Economics versus identity

Article published on Oct. 4, 2004
community published
Article published on Oct. 4, 2004

This article has not been vetted by an editor at Paris HQ

There’s no doubt about it. Turkish membership would reopen the debate on European identity. But the geopolitical capital offered by Ankara is immense. Is it worth it?

Those who support Turkish membership believe in a Europe playing a leading role on the Middle Eastern stage. A 'European' Turkey would bring the Union face to face with Iraq, Iran and Syria. And it would find itself directly involved in all the conflicts and tragedies which afflict the Middle East. Such a role would require greater responsibility.

Ankara’s dowry: soldiers and oil

In terms of European security and defence, the geo-strategic position and military potential of Turkey, whose army is second only to the United States in the Atlantic Alliance, is fundamental for supporters of membership. Turkey, a member of NATO since 1952, has already participated in peacekeeping operations. And that’s not all. In today’s context, Ankara could play a decisive role in the war on international terrorism, organised crime and illegal immigration. Turkish membership would also act as an example for all moderate Arab countries and it would show that it is possible to combine democratic reform and respect for religious traditions. On an economic level, the substantial oil and natural gas reserves in the Caspian region make Turkey a strategic country for the transit of energy supplies. Its position would allow safe access to energy supplies from Central Asia and Russia, of which the opening of the Bakou-Ceyhan oil pipeline is only the latest example.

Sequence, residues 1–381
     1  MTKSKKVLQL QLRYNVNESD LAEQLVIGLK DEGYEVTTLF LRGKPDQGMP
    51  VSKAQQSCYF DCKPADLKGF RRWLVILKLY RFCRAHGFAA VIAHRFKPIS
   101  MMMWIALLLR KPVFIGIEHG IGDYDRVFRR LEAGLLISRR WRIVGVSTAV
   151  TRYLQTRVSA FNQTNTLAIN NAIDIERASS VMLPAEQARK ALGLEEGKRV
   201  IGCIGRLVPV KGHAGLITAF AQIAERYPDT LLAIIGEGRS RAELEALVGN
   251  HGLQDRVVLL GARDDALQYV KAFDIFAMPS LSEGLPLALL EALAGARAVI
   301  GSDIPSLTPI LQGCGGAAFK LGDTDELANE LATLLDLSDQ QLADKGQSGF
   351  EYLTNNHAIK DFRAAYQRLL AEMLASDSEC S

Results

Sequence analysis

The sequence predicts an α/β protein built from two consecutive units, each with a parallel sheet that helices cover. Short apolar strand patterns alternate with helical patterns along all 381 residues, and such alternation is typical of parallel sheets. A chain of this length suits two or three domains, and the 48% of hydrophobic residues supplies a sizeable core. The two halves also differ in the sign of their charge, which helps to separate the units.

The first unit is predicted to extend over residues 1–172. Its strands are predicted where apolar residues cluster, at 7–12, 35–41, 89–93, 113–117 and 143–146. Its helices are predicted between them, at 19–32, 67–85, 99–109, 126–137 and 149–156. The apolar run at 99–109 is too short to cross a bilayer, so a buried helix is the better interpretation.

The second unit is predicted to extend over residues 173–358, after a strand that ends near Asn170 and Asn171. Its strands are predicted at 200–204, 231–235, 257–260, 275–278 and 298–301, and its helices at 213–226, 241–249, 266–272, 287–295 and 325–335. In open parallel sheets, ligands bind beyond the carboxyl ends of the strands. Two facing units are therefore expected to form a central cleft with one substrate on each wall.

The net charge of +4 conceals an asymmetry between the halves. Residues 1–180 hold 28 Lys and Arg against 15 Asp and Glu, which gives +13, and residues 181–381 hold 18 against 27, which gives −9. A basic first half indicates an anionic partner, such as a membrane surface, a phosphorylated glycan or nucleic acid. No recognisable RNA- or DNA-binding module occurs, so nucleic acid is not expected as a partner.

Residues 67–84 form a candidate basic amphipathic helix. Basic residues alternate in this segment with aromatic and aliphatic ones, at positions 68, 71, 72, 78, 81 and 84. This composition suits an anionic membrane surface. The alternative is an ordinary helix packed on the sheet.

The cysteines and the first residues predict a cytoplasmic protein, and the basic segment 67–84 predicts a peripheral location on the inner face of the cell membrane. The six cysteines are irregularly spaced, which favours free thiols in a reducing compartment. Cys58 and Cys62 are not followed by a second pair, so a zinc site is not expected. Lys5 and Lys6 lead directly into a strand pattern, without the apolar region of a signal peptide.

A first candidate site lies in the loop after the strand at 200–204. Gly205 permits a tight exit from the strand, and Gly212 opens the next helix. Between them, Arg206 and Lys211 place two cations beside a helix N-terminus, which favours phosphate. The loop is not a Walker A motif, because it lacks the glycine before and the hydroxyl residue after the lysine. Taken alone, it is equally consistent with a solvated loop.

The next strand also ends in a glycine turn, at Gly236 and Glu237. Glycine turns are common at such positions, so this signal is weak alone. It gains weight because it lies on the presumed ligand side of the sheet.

Migration risk

But the considerations of those who oppose membership go beyond geopolitics. The risk would be the threat to European identity. From a certain point of view, it would be those very same strategic interests which could be eroded with an increase in the number of Turkish immigrants, whose integration has not been easy in countries like Germany. Turkish membership also asks awkward questions about the future borders of the Union. If Turkey joins, membership for Ukraine, Moldova and, eventually, Russia is a possibility. In substance, at the bottom of all these worries lies the idea of a politically united Europe founded on a religious, political and social identity which needs to be protected; a homogenous Union which holds a leading position on the international stage; a Europe independent of the United States (itself a strong backer of Turkish membership), which gives precedence to the conclusion of the political unification process with respect to future geopolitical strategies; a Europe based on Christianity, democracy and the historic development of the countries which form it.

Conditional membership

But in times of war and renewed fears, the Turkish issue seems to question the very meaning of Europe. A united Europe as a union of interests would call for immediate Turkish membership, both to gain access to energy resources and for military control of the area. In contrast, a united Europe as a political and social project founded on a common identity would not wish to commit itself immediately.

In reality, the membership process could last for another 10 years or longer. This is why the Commission foresees controlled 'watered down' periods when Turkish membership would be put to the test. Therefore, negotiations must begin in December as foreseen, if only to put across a message of openness to the moderate Islamic world, crucial in the current crisis. To shut the door in Turkey’s face today would be a pointless and damaging move. It doesn't make sense to compromise the strategic and economic opportunities which Turkish membership guarantees for fear of damaging a European identity which is still a work in progress. In its constitutive phase the European project can only be open and inclusive. Those who fear Ankara’s entry today undervalue the strength of a finally united Europe.